When he called himself Songs:Ohia, Jason Molina was a sensitive, somber type. His rich, yet fragile baritone gave albums like The Lioness and Didn’t It Rain a quiet, late night confessional feel, similar to like-minded folksters as Damien Jurado and Will Oldham. But unlike Oldham, Molina didn’t gradually get quieter as time went by. He turned the motherfucker up. Trading in the faint whisper of Ohia for bombast and unfiltered distortion, Molina enlisted a few friends and started himself a new rock and roll band and called it the Magnolia Electric Co.
Some have compared Magnolia Electric Co. to Bob Seger. And though I get the comparison, it’s a hell of a lot better than Seger. Molina has plenty of time in his career to write a “Turn the Page” or “Like a Rock,” but in the meantime, a more fitting comparison for us to use would be Neil Young. Molina, like Young, has proven himself adept at playing both quiet acoustic songs and louder, more boisterous rock anthems. And on Trials and Errors he’s done a fine job of documenting that boisterousness in a live setting.
The funny thing about Trials and Errors is that until the first track, “The Dark Don’t Hide It,” ends, you’re convinced that it’s a studio effort. Sure, the guitars are a little raw. And sure, his voice is a little rugged. But hasn’t it always been that way, just not as loud? That’s what I thought, anyway. So when you hear the applause in the final fifteen seconds of the six-minute track, you’re left scratching your head, thinking, “Damn! This is the best sounding live album I’ve ever heard!”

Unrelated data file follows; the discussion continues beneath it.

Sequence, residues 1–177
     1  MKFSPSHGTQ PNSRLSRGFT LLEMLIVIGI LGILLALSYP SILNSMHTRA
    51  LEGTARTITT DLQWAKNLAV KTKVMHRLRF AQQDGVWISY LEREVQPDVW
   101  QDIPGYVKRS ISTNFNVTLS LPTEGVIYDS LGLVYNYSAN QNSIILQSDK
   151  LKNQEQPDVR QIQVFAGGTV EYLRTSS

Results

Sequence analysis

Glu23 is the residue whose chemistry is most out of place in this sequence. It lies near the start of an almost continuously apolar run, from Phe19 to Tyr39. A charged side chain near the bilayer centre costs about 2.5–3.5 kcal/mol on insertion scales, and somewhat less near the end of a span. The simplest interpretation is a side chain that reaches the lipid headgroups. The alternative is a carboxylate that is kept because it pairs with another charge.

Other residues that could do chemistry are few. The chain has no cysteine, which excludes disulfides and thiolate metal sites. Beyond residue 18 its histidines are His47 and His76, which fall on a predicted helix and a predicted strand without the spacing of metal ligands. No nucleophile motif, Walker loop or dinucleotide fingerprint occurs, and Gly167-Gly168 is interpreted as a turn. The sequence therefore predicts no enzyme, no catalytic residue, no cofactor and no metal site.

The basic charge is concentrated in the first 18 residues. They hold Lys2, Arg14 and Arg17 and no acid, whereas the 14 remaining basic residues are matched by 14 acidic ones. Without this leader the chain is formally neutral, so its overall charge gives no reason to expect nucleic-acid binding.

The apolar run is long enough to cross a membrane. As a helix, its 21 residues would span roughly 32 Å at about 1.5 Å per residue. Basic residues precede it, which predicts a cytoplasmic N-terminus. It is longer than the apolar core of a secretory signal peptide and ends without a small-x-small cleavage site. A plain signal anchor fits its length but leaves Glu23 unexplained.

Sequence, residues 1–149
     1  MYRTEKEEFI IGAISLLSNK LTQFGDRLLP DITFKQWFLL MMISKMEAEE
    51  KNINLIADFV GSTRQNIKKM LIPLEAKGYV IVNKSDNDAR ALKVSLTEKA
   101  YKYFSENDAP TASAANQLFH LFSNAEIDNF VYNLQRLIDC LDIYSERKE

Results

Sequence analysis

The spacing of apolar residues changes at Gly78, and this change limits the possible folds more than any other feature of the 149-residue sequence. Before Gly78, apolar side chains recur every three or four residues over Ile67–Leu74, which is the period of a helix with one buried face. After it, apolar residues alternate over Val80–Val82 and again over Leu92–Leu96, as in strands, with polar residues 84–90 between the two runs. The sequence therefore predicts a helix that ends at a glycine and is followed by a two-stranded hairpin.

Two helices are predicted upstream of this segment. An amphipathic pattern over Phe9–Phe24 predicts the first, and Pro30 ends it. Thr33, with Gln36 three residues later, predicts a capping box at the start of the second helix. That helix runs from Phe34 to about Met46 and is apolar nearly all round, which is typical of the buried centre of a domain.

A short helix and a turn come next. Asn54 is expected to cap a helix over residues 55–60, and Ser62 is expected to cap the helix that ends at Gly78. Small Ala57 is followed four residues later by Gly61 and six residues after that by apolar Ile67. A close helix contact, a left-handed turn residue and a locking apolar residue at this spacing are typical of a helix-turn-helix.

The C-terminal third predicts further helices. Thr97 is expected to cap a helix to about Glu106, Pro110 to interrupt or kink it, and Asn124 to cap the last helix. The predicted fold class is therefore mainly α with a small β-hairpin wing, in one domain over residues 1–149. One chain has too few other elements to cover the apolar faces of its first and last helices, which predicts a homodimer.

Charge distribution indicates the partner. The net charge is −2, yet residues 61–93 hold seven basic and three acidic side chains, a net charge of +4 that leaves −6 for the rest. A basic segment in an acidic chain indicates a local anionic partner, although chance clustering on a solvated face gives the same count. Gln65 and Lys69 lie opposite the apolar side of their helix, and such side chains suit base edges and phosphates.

That may not be true. There are some pretty nice sounding live records. And, certainly, there are some God-awfully lo-fi studio recordings, as well. But with Trials and Errors, Molina and his Co. (electricians they call themselves) create a formidable charge. And a nice sounding one at that. Tracks like the aforementioned “Dark,” “Don’t This Look Like the Dark” (guess they like darkness) and “Cross the Road” kick ass in this setting, creating a murky, yet vibrant atmosphere. And they rock. Let’s not forget that part.
Over time, the minor details captured in this live setting begin to reveal themselves: the ever-present touches of reverb, the occasional wrong note, the cheering fans. And yet, it merely adds to the enjoyment. Though many of these tracks go on well into the seven, eight and, sometimes, nine-minute mark, the intensity captured in the recording creates a more natural tension. It may not be the same as actually watching them, but hey, it’s a really close second.
Neil Young – Tonight’s the Night
Built to Spill – Live
Pavement – Wowee Zowee